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And The Assault Charges Will Be Dropped

We've all seen the video of Ray Rice punching out his wife, Janay Palmer, in a casino elevator. Already, the game of what the NFL saw or didn't see before punishing Rice is in full swing.

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What's indisputable is that justice system did see this video before sentencing Ray Rice to... nothing. Rice entered into a pre-trial "diversion program." If he attends a year's worth of meetings and crap, the assault charge will be dropped.

If that seems like a light punishment, consider that it took a lot for the system to even get that far. Remember, after the February incident, both Rice and Palmer were arrested and charged with assault. Both of them. On the scene, evidently the police said "screw it, arrest them both, we can't tell if he hit her or if she assault his hand with her face."

Later, a grand jury dropped the charges against Palmer and upped the charges against Rice. They saw the video, it seems.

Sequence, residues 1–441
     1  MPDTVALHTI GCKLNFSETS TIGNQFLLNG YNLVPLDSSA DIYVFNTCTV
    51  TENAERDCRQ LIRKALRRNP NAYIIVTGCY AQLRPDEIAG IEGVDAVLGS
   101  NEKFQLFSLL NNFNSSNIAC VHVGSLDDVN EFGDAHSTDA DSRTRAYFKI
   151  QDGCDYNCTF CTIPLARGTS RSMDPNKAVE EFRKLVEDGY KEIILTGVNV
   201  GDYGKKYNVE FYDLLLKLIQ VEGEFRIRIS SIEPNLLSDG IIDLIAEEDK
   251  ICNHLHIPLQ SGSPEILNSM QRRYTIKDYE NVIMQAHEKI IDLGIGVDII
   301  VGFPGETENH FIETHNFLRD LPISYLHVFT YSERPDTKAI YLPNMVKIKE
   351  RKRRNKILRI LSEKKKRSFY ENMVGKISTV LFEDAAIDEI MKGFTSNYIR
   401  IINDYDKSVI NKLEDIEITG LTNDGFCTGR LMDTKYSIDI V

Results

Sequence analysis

But prosecutors saw the video too, so when Rice agreed to the pre-trial program, prosecutors didn't have to accept. They could have, you know, prosecuted the guy who sucker-punched his girlfriend in the elevator.

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Instead, Ray Rice is free. He's Roger Goodell's problem because the legal system gave him a slap on the wrist. Note: if a big strong running back who we know can throw a punch — I'm thinking Legarette Blount — hit Ray Rice in an elevator, that would be a stiffer punishment than what Ray Rice got from the system.

We can bitch about the NFL not taking domestic violence seriously. But our legal system doesn't take domestic violence seriously. Why isn't Ray Rice in jail? Because we don't automatically send people to jail for beating women.

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As usual, the NFL is just an aggressive reflection of our society.

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